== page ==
Photography has always been a source of endless comfort for me. I remember the unforgettable excitement I felt when I picked up my very old, very broken phone and started taking photos of myself with a camera that had fewer than 2 megapixels. What first started out as a simple creative experiment turned into an ever-changing relationship with myself and the people around me. I had no idea that in a matter of days, I’d be running to my camera to deal with both pleasant and upsetting emotions. It was an instant spark, similar to the burst of happiness one feels when meeting a person whose presence just makes sense. I was oblivious to the fact that this seemingly insignificant moment had the power to change me in such a profound way.
I became more involved in the online world when I started taking photos, which gave me the necessary confidence and motivation to take raw and honest images. There were so many relatable people in that world, strangers who offered advice or simply left a nice comment. What fascinated me most, though, were the emotions that were naturally attached to every breathtaking piece of art, especially self-portraits. Most photos weren’t accompanied by any words, yet looking at each one felt like diving into a new story.
Like any adolescent, I was fighting emotions and trying to deal with them the best way I could. Sometimes I’d come home after a particularly rough day and a pattern of light on a wall would catch my eye, compelling me to take a few photos reflecting my emotions and, at the same time, acknowledging the beauty of my surroundings.
The need to create art and the opportunity to do so gave me a chance to find uplifting details during dark times. I became aware of fleeting moments that, if captured, would become pleasant souvenirs as well as tiny homes of comfort. This need to blend with nature and to include myself in photographs has taught me to be humble and patient; humble because the earth is filled with incomparable beauty, and patient because of the days and weeks it sometimes takes me to find the right moment, to catch the perfect light. My current small apartment has taught me to make use of every corner and every eye-catching item, be it the way neighbouring buildings reflect light until the sun sets, or a patch of darkness in a very light room. Details like that not only spark the imagination, but also inspire gratitude.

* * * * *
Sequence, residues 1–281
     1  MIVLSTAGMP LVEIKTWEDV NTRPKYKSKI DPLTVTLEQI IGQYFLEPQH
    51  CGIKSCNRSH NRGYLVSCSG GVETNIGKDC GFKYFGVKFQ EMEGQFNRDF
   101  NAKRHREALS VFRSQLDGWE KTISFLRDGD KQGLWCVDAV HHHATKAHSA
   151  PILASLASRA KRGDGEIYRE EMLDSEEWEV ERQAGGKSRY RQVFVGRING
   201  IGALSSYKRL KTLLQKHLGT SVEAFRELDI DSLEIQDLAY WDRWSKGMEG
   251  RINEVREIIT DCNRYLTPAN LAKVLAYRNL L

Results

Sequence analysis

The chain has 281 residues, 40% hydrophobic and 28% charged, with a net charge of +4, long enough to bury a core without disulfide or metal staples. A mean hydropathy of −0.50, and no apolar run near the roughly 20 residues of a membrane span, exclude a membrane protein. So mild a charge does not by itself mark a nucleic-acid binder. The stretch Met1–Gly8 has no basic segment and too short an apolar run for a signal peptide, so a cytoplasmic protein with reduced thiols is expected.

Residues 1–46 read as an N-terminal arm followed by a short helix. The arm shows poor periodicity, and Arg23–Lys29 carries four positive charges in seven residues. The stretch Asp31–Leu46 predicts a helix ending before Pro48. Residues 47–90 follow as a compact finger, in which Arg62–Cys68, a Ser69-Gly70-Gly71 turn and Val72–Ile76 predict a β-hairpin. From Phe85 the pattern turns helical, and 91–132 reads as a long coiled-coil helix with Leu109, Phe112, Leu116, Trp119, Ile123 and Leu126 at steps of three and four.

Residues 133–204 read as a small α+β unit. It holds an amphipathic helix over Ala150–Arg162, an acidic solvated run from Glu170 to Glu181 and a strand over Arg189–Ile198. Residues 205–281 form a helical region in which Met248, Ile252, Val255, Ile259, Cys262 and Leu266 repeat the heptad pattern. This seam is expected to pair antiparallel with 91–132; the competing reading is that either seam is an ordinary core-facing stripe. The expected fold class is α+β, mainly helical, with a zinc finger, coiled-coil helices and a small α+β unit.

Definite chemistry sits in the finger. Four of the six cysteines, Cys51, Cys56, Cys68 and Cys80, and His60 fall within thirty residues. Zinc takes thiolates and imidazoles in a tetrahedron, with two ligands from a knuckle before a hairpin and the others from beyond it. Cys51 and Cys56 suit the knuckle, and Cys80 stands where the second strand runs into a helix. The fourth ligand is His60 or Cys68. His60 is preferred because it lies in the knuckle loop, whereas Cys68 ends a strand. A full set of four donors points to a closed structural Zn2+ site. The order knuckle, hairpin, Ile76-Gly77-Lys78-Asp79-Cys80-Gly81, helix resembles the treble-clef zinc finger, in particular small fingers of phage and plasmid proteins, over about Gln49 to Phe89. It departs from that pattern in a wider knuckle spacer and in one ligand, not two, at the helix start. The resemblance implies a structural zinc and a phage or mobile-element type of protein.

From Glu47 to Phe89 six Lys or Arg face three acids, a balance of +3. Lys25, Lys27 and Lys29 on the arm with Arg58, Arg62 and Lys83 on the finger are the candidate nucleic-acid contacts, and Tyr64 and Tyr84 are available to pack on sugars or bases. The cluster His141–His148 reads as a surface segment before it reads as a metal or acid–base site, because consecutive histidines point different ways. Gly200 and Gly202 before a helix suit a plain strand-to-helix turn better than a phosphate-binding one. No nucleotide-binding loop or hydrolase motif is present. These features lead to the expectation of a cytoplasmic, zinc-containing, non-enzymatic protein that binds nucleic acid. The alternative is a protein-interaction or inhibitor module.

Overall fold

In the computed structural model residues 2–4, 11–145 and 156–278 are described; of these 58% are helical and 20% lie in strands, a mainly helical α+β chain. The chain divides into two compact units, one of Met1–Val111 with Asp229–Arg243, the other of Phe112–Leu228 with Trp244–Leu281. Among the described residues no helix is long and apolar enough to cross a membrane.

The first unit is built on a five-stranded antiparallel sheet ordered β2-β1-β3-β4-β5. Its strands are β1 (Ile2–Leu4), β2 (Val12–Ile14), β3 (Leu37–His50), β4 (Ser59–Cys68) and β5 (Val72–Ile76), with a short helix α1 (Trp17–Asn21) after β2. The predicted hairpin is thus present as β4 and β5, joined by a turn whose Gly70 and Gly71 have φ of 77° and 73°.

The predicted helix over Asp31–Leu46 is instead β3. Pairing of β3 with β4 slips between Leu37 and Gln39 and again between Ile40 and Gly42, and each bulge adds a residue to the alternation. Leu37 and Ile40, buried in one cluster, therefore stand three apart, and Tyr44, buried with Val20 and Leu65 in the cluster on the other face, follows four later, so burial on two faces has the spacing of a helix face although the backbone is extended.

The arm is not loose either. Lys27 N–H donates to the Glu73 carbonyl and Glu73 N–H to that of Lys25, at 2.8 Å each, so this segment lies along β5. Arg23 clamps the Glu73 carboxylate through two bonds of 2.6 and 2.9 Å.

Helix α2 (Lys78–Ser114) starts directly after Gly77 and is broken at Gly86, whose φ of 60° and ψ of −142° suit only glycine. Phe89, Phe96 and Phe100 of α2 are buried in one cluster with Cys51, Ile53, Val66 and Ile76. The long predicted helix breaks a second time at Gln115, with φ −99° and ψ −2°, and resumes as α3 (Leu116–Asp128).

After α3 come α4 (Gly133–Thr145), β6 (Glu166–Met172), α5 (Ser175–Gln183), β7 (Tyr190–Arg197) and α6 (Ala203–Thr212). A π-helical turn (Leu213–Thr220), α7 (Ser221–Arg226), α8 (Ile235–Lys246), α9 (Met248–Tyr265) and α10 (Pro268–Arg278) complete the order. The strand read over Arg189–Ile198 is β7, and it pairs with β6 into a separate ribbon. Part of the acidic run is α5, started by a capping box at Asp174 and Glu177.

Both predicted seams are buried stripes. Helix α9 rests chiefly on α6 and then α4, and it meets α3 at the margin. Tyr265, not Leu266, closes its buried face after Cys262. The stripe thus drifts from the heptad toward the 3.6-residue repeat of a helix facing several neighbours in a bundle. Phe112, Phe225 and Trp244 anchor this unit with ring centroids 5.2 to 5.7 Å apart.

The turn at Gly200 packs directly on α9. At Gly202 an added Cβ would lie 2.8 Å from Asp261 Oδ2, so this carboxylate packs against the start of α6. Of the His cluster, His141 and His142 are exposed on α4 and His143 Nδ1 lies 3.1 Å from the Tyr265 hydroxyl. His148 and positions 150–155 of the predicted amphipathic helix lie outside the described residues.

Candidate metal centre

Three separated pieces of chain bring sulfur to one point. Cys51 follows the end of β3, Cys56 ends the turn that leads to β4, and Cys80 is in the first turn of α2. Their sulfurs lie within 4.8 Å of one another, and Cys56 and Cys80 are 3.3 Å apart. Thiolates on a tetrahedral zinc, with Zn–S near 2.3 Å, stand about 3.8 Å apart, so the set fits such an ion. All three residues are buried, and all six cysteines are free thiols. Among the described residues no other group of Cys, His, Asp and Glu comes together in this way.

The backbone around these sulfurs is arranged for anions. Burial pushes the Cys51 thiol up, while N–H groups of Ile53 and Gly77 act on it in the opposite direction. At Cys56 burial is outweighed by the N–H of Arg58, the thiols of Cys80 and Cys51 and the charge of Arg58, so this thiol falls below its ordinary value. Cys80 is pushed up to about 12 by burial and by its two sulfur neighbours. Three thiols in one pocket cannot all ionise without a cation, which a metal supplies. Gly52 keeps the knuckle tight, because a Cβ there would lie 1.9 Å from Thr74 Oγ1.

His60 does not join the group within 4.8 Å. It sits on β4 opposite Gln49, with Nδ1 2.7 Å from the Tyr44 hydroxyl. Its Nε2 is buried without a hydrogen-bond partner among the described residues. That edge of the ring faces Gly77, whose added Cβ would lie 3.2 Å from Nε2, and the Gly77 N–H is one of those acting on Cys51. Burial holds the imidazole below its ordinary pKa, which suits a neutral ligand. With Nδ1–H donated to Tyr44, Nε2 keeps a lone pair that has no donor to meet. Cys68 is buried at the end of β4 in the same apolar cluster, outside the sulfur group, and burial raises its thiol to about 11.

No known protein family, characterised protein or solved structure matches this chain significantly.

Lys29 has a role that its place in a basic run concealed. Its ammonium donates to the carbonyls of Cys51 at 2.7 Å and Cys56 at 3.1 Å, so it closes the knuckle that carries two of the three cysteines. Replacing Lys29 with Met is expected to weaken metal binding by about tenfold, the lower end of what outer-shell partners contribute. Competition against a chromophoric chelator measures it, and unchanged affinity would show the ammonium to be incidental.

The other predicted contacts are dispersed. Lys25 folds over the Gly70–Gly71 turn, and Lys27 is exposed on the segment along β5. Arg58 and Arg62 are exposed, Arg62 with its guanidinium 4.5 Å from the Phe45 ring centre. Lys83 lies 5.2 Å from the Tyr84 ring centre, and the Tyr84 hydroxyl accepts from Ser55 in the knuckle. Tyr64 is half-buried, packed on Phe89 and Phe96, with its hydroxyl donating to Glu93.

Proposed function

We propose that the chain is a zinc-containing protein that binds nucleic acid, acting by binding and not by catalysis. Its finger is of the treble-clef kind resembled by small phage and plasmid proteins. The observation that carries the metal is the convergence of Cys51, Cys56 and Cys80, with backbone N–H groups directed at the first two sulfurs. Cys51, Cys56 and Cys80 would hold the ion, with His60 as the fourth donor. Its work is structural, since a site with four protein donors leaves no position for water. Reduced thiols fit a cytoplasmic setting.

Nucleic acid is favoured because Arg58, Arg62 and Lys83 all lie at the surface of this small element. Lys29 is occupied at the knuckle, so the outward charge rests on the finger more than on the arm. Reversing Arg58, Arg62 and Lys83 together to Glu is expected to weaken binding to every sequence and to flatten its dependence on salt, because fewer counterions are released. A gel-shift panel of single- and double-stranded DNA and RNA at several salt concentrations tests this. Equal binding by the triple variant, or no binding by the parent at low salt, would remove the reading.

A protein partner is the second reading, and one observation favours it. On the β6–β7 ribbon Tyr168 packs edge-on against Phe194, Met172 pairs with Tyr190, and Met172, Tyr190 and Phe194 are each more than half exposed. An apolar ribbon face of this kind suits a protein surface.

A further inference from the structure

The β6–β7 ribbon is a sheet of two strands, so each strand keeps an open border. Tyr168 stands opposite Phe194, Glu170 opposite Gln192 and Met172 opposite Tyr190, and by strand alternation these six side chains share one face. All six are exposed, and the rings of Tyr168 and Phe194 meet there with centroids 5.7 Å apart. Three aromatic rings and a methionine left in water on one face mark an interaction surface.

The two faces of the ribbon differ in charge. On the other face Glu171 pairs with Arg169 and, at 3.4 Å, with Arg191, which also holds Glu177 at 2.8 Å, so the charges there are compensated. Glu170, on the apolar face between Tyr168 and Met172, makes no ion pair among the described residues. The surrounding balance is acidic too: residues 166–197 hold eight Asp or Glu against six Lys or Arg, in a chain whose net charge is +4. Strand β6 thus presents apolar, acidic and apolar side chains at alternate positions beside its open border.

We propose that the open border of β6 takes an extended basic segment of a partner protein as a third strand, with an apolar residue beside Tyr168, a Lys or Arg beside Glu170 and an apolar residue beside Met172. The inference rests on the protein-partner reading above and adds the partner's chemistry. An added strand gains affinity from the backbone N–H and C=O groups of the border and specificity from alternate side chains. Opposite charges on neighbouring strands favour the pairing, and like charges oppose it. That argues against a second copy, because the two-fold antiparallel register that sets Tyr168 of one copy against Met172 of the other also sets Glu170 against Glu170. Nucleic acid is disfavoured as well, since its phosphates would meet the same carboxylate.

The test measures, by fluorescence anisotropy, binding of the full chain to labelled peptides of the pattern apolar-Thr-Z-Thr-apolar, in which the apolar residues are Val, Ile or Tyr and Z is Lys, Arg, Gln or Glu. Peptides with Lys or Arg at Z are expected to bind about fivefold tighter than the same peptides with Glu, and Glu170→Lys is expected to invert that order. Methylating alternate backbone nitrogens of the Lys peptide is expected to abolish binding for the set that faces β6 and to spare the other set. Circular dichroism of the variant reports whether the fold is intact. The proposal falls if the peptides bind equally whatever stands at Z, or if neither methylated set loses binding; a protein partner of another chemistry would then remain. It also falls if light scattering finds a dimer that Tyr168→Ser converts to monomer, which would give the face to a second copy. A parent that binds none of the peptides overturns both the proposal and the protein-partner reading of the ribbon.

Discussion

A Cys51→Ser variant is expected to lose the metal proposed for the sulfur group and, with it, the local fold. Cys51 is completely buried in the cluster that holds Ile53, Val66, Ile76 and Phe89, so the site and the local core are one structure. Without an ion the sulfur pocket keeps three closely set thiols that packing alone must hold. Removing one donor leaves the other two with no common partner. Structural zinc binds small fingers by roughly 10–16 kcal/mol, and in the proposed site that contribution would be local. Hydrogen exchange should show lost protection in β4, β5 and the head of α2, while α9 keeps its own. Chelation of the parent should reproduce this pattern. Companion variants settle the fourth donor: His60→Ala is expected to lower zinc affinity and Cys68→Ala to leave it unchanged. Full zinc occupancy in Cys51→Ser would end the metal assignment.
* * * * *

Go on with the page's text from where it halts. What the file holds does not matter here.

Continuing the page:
In some ways, photography (or any kind of art) is more than just a striking photograph. It’s self-reflection, appreciation, emotional growth, escapism, confrontation, and the list goes on. It doesn’t matter what kind of subject is in the photo if the photographer has created it with passion. If emotions can be felt while looking at someone’s work and if someone can feel less lonely by simply sharing his or her art, then the world quietly becomes a better place in someone’s world, and that matters. I believe that any photographer, any artist, has the ability to change someone’s perspective or even help someone get through a challenging time in their life. When one is aware of this power, life becomes all the more vibrant.
When I was twelve years of age, holding my very old, very broken phone with its weak camera, I didn’t realize how much power art possesses. Nowadays, I feel this power on a daily basis; to have my heart be broken by an image, or to fall deeply in love with a place thanks to a photo makes me feel completely alive and grateful for life. To me, art is a lifelong journey in which I attempt to pay homage to life and everything beautiful in it by learning, creating, and constantly adoring. And oh my goodness, it’s amazing.